Then there was war in heaven. Michael and his angels fought against the dragon and his angels. 8 And the dragon lost the battle, and he and his angels were forced out of heaven.
9 This great dragon—the ancient serpent called the devil, or Satan, the one deceiving the whole world—was thrown down to the earth with all his angels.
Revelation 12:7-9 (NLT)

 12 “How you are fallen from heaven, O shining star, son of the morning! You have been thrown down to the earth, you who destroyed the nations of the world.
13 For you said to yourself, ‘I will ascend to heaven and set my throne above God’s stars. I will preside on the mountain of the gods far away in the north.
14 I will climb to the highest heavens and be like the Most High.’
15 Instead, you will be brought down to the place of the dead, down to its lowest depths
. Isaiah 14:12-15 (NLT)

 12 “You were the model of perfection, full of wisdom and exquisite in beauty.
13 You were in Eden, the garden of God. Your clothing was adorned with every precious stone— red carnelian, pale-green peridot, white moonstone, blue-green beryl, onyx, green jasper, blue lapis lazuli, turquoise, and emerald— all beautifully crafted for you and set in the finest gold. They were given to you on the day you were created.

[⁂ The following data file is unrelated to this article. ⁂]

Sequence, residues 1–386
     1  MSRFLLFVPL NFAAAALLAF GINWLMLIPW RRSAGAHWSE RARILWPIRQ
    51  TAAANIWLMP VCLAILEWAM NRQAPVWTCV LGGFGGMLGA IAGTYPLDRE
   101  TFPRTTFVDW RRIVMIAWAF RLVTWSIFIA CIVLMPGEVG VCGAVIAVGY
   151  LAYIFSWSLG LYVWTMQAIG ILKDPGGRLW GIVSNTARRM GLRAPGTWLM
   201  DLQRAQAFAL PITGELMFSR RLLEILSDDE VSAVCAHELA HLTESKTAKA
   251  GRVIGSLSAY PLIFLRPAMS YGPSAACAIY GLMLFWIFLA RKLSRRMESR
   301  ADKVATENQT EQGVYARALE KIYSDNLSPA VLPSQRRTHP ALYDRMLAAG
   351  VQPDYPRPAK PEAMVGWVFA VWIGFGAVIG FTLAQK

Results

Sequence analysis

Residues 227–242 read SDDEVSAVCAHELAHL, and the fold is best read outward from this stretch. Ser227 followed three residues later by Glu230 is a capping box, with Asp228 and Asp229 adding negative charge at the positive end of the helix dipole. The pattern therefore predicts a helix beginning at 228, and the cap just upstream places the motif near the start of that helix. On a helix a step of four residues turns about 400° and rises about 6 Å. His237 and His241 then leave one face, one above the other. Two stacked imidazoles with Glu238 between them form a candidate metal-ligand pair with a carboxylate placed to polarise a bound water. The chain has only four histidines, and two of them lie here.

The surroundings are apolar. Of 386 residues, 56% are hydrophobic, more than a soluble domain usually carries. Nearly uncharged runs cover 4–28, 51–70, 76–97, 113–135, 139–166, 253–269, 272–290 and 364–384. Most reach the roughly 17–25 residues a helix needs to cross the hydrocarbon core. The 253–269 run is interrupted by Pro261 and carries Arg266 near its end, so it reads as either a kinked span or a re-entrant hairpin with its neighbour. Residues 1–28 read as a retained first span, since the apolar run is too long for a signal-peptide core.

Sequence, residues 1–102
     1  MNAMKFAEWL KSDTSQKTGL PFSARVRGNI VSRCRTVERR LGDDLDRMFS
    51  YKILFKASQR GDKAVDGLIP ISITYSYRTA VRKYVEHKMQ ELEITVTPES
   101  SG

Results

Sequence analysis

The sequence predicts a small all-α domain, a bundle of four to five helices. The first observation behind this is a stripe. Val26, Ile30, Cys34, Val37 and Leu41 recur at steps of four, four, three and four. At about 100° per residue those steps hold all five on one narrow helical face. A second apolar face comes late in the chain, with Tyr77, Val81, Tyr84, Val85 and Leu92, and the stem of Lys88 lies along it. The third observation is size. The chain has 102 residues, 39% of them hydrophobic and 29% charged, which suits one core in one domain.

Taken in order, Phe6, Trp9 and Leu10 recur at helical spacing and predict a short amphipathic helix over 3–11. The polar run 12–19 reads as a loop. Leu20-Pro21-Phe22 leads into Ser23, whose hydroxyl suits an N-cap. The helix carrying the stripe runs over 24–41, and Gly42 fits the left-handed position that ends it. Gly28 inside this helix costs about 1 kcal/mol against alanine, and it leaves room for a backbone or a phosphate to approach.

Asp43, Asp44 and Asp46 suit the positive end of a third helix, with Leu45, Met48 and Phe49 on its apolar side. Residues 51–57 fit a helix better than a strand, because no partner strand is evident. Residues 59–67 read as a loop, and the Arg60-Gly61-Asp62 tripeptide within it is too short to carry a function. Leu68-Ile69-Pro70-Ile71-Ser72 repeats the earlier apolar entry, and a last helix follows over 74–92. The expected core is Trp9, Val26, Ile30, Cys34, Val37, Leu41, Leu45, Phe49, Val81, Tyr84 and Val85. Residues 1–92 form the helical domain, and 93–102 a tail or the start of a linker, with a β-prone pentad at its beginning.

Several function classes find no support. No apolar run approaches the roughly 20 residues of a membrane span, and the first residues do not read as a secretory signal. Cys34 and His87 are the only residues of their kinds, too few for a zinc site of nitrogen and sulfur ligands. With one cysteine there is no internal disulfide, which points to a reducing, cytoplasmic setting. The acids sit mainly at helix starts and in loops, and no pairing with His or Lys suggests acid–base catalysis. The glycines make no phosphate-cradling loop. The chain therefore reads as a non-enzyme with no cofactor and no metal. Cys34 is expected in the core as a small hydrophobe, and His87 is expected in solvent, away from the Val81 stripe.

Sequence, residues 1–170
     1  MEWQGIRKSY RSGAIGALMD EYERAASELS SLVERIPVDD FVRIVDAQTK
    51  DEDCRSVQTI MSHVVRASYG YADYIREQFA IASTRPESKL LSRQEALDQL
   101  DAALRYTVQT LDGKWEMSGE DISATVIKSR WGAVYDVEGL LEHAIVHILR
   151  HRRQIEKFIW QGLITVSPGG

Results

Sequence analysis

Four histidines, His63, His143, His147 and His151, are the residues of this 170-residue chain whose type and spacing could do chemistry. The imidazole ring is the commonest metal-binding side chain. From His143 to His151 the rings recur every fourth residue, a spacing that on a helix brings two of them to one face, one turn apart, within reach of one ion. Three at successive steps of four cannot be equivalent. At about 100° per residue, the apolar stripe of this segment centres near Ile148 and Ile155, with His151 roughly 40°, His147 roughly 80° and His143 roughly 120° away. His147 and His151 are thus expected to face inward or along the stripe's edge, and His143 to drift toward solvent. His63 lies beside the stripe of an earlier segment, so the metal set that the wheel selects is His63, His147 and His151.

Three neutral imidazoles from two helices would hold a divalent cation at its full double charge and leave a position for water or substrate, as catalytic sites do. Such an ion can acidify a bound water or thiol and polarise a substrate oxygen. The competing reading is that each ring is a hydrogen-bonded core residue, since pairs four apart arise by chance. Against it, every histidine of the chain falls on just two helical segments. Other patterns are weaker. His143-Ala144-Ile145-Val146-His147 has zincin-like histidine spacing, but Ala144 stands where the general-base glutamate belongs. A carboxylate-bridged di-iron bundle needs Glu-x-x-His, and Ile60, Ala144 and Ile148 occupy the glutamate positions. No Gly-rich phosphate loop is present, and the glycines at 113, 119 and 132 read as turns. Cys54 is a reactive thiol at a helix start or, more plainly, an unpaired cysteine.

14 I ordained and anointed you as the mighty angelic guardian. You had access to the holy mountain of God and walked among the stones of fire.
15 “You were blameless in all you did from the day you were created until the day evil was found in you.
16 …So I banished you in disgrace from the mountain of God. I expelled you, O mighty guardian, from your place among the stones of fire.
17 Your heart was filled with pride because of all your beauty. Your wisdom was corrupted by your love of splendor. So I threw you to the ground and exposed you to the curious gaze of kings
. Ezekiel 28:12-17 (NLT)